I want to ask if it is possible to deduce Godel's first incompleteness theorem from Chaitin's incompleteness theorem. I am reading the following AMS-Notice article. The authors claim that:
The main conceptual difficulty in G¨odel’s original proof is the self-reference of the statement “this statement has no proof.” A conceptually simpler proof of the first incompleteness theorem, based on Berry’s paradox, was given by Chaitin.....
But the statement they proved is the Chaitin's incompleteness theorem, which appeared different from the Godel's first incompleteness theorem. They also contendeded that:
A different proof for G¨odel’s first incompleteness theorem, also based on Berry’s paradox, was given by Boolos [Boolos89] (see also [Vopenka66, Kikuchi94]). Other proofs for the first incompleteness theorem are also known (for a recent survey, see [Kotlarski04]).
Does this mean that Chaitin's incompleteness theorem implies Godel's first incompleteness theorem? I ask at here as I feel kind of confused with the logical relationship.
The authors also made a dubious claim that:
G¨odel considered the related statement “this statement has no proof.” He showed that this statement can be expressed in any theory that is capable of expressing elementary arithmetic. If the statement has a proof, then it is false; but since in a consistent theory any statement that has a proof must be true, we conclude that if the theory is consistent, the statement has no proof. Since the statement has no proof, it is true (over N). Thus, if the theory is consistent, we have an example for a true statement (over N) that has no proof. The main conceptual difficulty in G¨odel’s original proof is the self-reference of the statement “this statement has no proof.”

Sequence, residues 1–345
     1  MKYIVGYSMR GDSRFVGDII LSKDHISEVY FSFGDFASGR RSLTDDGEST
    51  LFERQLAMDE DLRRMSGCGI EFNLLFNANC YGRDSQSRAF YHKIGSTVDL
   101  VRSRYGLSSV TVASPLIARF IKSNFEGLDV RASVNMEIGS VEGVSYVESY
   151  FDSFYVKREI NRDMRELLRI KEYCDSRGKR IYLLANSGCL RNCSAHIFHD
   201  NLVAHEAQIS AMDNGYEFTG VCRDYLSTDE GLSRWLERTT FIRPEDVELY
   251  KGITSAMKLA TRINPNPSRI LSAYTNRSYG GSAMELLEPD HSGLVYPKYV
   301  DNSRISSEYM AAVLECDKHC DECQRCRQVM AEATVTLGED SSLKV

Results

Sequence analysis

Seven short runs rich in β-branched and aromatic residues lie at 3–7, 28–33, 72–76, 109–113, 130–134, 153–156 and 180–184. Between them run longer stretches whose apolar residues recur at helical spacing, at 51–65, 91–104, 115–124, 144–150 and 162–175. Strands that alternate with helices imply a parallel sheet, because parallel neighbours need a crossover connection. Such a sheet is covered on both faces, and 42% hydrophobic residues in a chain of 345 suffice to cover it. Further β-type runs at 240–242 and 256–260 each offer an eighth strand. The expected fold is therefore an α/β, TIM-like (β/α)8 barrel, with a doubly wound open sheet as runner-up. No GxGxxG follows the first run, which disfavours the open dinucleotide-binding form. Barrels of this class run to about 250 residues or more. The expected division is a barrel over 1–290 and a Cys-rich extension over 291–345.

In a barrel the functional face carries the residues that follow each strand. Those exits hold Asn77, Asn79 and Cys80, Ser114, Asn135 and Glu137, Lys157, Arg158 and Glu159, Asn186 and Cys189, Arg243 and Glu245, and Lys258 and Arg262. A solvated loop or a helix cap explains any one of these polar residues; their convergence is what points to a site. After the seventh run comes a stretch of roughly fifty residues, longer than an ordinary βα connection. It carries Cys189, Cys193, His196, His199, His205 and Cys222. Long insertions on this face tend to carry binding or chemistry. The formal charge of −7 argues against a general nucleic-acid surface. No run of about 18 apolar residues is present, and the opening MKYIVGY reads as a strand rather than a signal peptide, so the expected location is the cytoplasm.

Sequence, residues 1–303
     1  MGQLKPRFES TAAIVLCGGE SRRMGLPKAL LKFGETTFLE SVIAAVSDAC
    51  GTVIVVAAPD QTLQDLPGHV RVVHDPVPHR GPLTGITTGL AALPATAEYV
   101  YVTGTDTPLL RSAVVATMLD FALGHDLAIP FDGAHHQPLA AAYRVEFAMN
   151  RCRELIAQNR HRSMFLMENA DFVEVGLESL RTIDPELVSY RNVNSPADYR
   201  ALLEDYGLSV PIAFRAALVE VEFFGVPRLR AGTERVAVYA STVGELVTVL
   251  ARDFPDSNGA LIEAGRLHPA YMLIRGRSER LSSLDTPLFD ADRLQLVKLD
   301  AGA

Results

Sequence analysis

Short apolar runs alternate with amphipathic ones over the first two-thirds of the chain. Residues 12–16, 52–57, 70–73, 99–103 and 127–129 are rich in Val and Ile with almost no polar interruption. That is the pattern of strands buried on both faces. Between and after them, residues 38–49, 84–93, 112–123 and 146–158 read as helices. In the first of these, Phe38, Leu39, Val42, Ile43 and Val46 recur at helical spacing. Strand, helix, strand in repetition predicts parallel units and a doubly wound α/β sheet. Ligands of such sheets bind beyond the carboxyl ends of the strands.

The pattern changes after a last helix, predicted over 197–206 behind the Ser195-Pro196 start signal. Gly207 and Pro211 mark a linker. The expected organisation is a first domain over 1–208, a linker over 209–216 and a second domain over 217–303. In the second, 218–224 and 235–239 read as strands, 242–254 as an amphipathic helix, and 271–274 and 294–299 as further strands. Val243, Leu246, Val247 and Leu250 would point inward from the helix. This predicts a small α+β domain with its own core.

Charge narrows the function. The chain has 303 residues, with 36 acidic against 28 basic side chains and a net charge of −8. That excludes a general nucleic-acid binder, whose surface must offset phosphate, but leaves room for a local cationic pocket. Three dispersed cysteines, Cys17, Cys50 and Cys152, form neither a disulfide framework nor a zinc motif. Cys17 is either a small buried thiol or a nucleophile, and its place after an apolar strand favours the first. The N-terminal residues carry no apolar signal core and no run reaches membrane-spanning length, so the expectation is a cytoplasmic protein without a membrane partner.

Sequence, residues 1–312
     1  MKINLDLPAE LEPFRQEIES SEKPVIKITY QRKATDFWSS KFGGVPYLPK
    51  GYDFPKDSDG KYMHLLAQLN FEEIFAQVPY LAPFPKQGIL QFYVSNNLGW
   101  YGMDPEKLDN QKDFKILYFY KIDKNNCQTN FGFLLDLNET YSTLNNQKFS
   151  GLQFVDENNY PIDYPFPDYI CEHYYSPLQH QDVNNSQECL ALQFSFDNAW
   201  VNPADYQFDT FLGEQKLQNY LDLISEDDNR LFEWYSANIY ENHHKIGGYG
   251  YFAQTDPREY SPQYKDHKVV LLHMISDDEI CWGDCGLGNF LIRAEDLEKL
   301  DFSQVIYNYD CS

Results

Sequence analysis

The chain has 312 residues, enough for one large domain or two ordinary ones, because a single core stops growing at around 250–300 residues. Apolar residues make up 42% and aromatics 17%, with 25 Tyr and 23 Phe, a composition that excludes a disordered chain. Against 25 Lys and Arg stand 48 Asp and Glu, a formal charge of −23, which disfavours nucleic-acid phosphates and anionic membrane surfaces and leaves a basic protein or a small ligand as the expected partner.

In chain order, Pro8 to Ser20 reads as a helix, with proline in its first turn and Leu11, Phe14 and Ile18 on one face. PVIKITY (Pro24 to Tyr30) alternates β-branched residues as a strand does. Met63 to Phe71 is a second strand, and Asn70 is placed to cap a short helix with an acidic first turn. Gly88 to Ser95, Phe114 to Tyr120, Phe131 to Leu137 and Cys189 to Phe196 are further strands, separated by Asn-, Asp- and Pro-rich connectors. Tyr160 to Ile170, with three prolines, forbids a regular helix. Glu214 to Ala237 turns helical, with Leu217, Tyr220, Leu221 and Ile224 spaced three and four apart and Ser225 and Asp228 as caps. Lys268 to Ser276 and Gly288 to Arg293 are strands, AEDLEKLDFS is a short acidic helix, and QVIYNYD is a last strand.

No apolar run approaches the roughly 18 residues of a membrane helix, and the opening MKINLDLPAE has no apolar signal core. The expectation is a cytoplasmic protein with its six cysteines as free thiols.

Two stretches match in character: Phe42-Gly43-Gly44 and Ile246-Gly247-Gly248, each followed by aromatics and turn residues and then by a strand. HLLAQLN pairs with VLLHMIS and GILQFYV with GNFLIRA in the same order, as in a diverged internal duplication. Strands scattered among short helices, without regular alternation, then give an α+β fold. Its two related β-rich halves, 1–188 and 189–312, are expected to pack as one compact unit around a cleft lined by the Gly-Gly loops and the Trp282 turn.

which is very similar to Wittegenstein's remark on Godel's proof:
I imagine someone asking my advice; he says: “I have constructed a proposition (I will use ‘P’ to designate it) in Russell’s symbolism, and by means of certain definitions and transformations it can be so interpreted that it says: ‘P is not provable in Russell’s system’. Must I not say that this proposition on the one hand is true, and on the other hand unprovable? For suppose it were false; then it is true that it is provable. And that surely cannot be! And if it is proved, then it is proved that it is not provable. Thus it can only be true, but unprovable.”
and it has been refuted by Godel himself:
"It is clear from the passages you cite that Wittgenstein did "not" understand [the first incompleteness theorem] (or pretended not to understand it). He interpreted it as a kind of logical paradox, while in fact is just the opposite, namely a mathematical theorem within an absolutely uncontroversial part of mathematics (finitary number theory or combinatorics)." (Wang 1996:197)
I think I should for someone else's opinion as I am quite confused - what is right, what is wrong at here?